Hawaii ukulele players strumming to set new world record with massive ensemble


A Guinness World Record was set on Aug. 20, 2011 when exactly 1,547 ukulele players performed in unison. And where do you suppose that upbeat, bouncy performance took place?

On Oahu’s sunny Waikiki Beach? Nope. Big Island? Maui? Kauai? Not even close, globally speaking. The recent record was set in Helsinborg, Sweden.

In the interest of Island pride, passion for music, a fundraising effort and, yes, just plain fun, ukulele players from Hawaii and elsewhere are now getting ready to strum in an ensemble dubbed GO FOR DA RECORD … HANA HOU!
The event get-together will get under way at 4 p.m. and wrap up 9 p.m. on Sat., April 28 at Blaisdell Arena in Honolulu. Led by Hawaii’s ukulele virtuoso Jake Shimabukuro (pictured, below), the ensemble will assemble at 7 p.m. for a performance attempt to top the current world record.

Shimabukuro will be joined on stage by other Hawaii ukulele artists including Kalei Gamiao, Jody Kamisato, Bruce Shimabukuro, Derick Sebastian, Taimane Garner, Brittni Paiva, Chris Salvador, Aldrine Guerrero, Bryan Tolentino and groups Heart and Soul and Kanilea. In addition, young ukulele sensation Sungha Jung, from Korea, has also offered his support and will be in attendance and give a brief performance.Hawaii_Oahu_Honolulu_ukulele_world_record

The musical piece that will be performed was composed by Shimabukuro. Click here to check out a previous performance of the composition and an instructional video.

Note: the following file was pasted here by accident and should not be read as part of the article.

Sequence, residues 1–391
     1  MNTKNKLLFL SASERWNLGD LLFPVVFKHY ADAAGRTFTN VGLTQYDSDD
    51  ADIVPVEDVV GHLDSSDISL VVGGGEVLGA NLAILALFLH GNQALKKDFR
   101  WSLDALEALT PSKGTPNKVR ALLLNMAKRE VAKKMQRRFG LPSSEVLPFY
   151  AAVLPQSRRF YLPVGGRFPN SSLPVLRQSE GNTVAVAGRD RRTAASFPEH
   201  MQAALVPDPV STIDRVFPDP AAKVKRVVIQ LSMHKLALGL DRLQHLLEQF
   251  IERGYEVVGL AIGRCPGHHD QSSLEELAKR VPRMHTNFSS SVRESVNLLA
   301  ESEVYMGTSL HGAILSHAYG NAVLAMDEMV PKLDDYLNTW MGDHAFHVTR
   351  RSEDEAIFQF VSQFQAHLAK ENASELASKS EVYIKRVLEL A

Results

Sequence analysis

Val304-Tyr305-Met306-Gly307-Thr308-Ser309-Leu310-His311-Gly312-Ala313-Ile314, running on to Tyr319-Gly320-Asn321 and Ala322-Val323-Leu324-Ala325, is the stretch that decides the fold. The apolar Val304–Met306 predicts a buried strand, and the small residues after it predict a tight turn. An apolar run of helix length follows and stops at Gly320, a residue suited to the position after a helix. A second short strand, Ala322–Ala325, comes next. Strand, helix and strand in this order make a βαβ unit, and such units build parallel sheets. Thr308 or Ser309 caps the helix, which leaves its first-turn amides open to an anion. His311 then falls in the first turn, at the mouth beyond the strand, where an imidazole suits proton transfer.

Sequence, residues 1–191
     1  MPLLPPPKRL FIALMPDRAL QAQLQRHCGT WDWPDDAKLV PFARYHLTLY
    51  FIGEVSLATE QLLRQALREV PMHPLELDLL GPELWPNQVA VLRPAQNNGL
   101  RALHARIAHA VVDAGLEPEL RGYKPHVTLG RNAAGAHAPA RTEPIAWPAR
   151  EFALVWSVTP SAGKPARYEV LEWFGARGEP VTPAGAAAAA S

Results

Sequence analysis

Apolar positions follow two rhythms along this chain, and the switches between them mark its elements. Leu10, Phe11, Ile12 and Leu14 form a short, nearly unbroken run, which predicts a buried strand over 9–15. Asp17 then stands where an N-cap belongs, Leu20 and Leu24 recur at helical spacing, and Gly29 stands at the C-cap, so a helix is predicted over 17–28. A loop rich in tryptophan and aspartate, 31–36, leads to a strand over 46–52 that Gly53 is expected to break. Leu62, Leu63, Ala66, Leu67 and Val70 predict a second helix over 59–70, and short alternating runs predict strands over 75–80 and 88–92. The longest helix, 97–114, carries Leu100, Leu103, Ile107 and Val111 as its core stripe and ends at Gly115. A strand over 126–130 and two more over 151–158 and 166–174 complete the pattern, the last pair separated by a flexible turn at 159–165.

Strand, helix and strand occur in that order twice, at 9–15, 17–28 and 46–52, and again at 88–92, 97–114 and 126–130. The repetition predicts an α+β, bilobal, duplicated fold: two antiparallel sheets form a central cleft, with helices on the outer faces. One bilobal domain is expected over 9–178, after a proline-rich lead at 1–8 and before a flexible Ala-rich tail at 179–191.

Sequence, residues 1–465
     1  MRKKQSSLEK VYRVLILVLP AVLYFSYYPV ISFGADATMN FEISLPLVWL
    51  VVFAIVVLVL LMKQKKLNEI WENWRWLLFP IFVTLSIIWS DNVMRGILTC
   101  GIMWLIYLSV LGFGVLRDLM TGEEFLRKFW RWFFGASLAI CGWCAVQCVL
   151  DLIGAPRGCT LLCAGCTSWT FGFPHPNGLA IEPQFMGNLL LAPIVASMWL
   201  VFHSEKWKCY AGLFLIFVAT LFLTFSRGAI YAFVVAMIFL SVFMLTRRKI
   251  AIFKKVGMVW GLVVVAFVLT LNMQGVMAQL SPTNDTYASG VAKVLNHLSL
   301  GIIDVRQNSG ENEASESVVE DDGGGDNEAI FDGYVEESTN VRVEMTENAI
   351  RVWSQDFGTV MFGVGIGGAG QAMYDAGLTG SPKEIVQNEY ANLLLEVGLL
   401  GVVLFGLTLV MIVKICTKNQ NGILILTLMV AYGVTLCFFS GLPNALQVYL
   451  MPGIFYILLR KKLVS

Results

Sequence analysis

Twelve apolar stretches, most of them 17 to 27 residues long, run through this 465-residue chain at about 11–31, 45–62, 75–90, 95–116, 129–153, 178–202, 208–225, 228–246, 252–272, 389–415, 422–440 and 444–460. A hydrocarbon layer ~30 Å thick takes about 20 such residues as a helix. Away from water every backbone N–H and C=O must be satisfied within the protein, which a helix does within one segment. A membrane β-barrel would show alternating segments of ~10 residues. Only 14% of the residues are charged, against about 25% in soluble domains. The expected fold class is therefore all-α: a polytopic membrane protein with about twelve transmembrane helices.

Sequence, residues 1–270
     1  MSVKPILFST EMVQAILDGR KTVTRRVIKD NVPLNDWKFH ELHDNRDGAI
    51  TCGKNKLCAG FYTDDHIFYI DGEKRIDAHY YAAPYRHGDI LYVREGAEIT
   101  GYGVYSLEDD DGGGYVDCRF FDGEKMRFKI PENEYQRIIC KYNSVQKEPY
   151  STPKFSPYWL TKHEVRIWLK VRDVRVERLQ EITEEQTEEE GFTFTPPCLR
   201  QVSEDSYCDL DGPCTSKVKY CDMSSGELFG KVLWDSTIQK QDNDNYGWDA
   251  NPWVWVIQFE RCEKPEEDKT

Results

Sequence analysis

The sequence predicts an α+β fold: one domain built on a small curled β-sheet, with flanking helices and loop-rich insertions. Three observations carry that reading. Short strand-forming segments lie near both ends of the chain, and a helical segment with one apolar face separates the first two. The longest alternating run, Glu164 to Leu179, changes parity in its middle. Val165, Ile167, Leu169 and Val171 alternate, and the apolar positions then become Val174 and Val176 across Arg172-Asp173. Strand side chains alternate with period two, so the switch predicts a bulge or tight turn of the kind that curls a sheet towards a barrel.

The composition was first played during the first GO FOR DA RECORD effort to topple to world record, held on Oct. 22 at the Waikiki Shell Amphitheater. That performance, which fell a bit short of the world-record requirements, prompted organizers to push for a second try.  

So, want to take part? Grab an ukulele, practice the piece — and go for it! Participation in GO FOR DA RECORD … HANA HOU!” is free to all ukulele-playing participants. Player registration is required. To register online, click here. Registration will also be available at the arena on the day of the event. (Online registration is encouraged, however, to avoid long lines.) Admission for spectators and other attendees is $10 (Children under age of 5 will be admitted for free).
In addition to striving for a music-making record, the event will serve as a fundraiser for music and arts program initiatives led by the Music For Life Foundation. Music for Life will also donate a portion of the net proceeds to support Rainbow For Japan Kids, a program that, with the help of corporate sponsors and volunteer organizations, identifies Japan earthquake and tsunami-affected children and brings them to Hawaii for educational, learning and healing experiences. The majority of the proceeds from the event will be used to purchase ukuleles and other musical “tools” for Hawaii’s schools.

In a news release issued by the event’s organizers, Shimabukuro said: “I am delighted to support this event that will benefit the needs that are very important to me.”  He added, “Bringing music education back into our local schools and helping the children of Japan who were devastated by the tsunami and earthquake through Hawaii’s Rainbow For Japan Kids program, are two causes that I hold close to my heart.”

Click here for additional information about GO FOR DA RECORD … HANA HOU!

Categories: Culture, Oʻahu